School Climate & Safety

Justices Decline Case of Pupil Disciplined Over Imaginary Gun

By Caroline Hendrie — January 21, 2004 3 min read
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Washington

The U.S. Supreme Court last week turned away an appeal by a father who challenged the suspension of his 5-year-old for threatening to shoot an imaginary gun during recess in what has been widely described as a game of “cops and robbers.”

In a ruling last June, a federal appeals court rejected claims that the disciplinary action by the principal of Wilson Elementary School in Sayreville, N.J., violated the kindergartner’s constitutional rights to free expression and due process of the law.

The boy, identified in court papers as A.G., was suspended for three days in 2000 shortly after a kindergartner in Flint, Mich., shot a classmate to death, and within a week of three separate incidents at Wilson Elementary in which pupils received similar punishments for talking about using guns.

The Sayreville case attracted widespread media coverage, much of it questioning whether schools around the country were overreacting to threats by students in the wake of the deadly shooting rampage at Columbine High School in 1999.

Five days before A.G. was suspended, Wilson Principal Georgia B. Baumann had cautioned youngsters against any threats of violence and sent home a letter warning that the school would take very seriously any such threats.

The boy was out sick that day, however, so he had missed the principal’s warnings. The parents weren’t able to explain that to Ms. Baumann following the recess incident because she acted without talking to them, after failing to reach them by telephone, according to court papers. The parents later asked the superintendent to intervene, but he backed the principal.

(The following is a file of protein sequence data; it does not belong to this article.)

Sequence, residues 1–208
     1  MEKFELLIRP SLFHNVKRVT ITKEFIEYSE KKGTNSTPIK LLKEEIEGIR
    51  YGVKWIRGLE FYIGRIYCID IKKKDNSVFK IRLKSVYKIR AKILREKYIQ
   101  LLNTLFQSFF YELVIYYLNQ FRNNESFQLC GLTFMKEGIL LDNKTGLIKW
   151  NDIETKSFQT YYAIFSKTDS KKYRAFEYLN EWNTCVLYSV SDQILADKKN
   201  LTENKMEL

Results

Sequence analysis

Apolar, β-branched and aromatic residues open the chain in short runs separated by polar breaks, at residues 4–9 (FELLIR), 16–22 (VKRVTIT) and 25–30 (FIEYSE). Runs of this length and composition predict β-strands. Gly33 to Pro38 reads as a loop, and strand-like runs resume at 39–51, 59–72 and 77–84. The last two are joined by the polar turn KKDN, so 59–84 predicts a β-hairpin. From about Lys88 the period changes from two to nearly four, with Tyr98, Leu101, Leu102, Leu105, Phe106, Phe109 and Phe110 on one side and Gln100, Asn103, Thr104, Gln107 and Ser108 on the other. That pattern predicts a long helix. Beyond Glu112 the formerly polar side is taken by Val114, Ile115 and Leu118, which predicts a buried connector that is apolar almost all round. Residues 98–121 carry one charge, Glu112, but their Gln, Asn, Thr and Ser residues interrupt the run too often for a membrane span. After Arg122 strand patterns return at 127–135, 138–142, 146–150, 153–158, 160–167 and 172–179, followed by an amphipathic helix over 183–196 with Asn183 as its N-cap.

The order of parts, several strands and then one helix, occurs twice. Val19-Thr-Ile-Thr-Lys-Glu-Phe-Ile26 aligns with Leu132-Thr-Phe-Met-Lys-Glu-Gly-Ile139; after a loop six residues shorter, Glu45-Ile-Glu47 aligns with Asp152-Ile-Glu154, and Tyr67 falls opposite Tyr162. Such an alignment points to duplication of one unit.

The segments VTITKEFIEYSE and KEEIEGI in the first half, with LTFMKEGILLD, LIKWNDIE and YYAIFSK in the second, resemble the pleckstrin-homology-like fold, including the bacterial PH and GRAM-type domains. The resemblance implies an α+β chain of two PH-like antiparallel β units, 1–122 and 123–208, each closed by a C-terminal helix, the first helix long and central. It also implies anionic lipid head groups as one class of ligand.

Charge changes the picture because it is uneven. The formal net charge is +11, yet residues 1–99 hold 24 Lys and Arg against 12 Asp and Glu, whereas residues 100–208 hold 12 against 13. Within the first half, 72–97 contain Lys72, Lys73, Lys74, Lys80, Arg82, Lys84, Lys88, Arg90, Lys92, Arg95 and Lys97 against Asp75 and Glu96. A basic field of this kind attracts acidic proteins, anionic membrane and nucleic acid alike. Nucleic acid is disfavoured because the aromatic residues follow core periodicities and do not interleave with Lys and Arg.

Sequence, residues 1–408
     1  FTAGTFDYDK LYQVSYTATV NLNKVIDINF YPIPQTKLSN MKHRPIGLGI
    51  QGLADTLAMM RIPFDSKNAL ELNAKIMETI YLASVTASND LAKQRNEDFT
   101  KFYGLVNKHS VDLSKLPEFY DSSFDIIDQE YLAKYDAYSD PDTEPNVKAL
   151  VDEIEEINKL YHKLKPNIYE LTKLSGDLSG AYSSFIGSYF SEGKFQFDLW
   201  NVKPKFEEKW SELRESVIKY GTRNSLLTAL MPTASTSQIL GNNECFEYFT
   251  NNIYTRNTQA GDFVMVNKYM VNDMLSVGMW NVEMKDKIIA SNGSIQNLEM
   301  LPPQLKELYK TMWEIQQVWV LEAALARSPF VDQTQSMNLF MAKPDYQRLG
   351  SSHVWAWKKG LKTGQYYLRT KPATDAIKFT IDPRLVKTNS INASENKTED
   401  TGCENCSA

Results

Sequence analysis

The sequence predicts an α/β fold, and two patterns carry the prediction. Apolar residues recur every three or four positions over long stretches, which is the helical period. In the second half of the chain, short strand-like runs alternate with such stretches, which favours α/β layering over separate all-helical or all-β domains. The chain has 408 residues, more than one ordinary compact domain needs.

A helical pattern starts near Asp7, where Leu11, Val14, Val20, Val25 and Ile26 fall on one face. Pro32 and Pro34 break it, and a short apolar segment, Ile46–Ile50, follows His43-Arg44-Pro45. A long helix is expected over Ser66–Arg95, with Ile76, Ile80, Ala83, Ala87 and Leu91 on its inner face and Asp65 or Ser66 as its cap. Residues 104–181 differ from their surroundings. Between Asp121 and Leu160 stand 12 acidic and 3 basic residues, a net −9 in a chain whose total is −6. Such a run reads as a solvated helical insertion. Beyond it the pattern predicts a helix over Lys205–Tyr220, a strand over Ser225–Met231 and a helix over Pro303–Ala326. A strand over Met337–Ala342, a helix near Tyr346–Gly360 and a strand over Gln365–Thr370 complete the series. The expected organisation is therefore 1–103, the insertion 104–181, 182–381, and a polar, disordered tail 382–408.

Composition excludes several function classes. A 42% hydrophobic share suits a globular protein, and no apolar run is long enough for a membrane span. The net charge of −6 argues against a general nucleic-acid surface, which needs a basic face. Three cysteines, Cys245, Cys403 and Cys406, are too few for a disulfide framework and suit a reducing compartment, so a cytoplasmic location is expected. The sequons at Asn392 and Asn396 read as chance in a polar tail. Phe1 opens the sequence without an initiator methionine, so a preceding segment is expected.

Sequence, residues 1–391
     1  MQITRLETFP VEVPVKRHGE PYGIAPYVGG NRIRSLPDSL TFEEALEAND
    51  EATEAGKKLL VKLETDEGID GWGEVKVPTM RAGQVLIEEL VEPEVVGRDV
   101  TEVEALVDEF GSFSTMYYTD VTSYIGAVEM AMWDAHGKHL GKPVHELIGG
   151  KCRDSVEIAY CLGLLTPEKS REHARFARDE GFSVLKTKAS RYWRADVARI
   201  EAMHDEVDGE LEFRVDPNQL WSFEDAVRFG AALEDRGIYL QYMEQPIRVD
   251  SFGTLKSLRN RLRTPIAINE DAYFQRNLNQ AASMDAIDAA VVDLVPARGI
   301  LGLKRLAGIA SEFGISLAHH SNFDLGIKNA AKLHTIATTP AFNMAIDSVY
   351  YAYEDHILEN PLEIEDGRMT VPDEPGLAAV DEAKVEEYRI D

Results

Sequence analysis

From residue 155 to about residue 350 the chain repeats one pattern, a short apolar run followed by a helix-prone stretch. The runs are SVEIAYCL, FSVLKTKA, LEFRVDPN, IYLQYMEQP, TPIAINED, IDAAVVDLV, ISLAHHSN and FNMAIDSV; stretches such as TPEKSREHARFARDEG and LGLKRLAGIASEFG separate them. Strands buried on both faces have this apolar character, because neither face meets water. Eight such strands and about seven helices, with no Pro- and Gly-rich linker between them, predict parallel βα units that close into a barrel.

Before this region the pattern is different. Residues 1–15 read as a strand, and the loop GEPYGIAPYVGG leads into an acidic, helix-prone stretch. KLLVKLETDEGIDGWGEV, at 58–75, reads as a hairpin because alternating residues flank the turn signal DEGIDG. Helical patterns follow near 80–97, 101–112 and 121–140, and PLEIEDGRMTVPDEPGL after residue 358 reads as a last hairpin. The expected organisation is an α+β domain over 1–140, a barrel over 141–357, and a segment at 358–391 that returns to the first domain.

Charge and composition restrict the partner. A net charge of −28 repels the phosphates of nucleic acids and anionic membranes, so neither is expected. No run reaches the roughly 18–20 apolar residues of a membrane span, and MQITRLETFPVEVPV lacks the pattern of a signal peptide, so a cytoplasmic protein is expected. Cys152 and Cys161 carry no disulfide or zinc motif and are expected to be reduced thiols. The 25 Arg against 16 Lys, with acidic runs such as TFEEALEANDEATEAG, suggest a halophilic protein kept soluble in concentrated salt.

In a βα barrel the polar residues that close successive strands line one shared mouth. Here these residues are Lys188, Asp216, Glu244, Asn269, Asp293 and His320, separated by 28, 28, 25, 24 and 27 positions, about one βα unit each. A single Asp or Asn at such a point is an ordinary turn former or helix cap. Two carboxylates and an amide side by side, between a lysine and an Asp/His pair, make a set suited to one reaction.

A three-judge panel of the U.S. Court of Appeals for the 3rd Circuit, in Philadelphia, ruled unanimously that school officials had acted within their authority and rejected as “tenuous” the idea that A.G. and the other three kindergartners suspended with him engaged in protected speech. The father, identified in court papers as S.G. and represented by the Charlottesville, Va.- based Rutherford Institute, appealed to the high court in S.G. v. Sayreville Board of Education (Case No. 03-441).

Licensing Pacifism?

The appeal argued that the lower court had misconstrued Supreme Court precedents establishing that school officials may discipline students for certain types of offensive speech as part of their mandate to teach “socially appropriate behavior.”

“Such a view of socially inappropriate speech encompasses a child who wishes to discuss deer hunting or expresses a desire to shoot Osama Bin Laden,” the appeal argued, referring to the 3rd Circuit court’s interpretation. “The prohibition promulgated by the educators in this case could be used to press an agenda of pacifism at a time when American soldiers are being killed in faraway lands.”

But lawyers for the 5,700-student Sayreville district dismissed such claims as an “attempt to convert the mundane to the extraordinary.”

“Following this logic ... kindergarten teachers should likewise refrain from requiring children to sit quietly in their seats, avoid shooting spitballs, or calling each other names at the risk of indoctrinating pacifism,” the district argued in court papers.

Dennis Fyffe, Sayreville’s superintendent, last week praised the principal’s handling of the matter, and said the kindergartners’ behavior “was not a cops-and-robbers game” and involved “threatening statements.”

But John W. Whitehead, the president of the Rutherford Institute, said that “the facts are really clear in the case. It was boys out on the playground pointing their fingers saying, ‘I’m going to shoot you.’”

The Supreme Court on Jan. 12 declined without comment to hear the appeal.

A version of this article appeared in the January 21, 2004 edition of Education Week as Justices Decline Case of Pupil Disciplined Over Imaginary Gun

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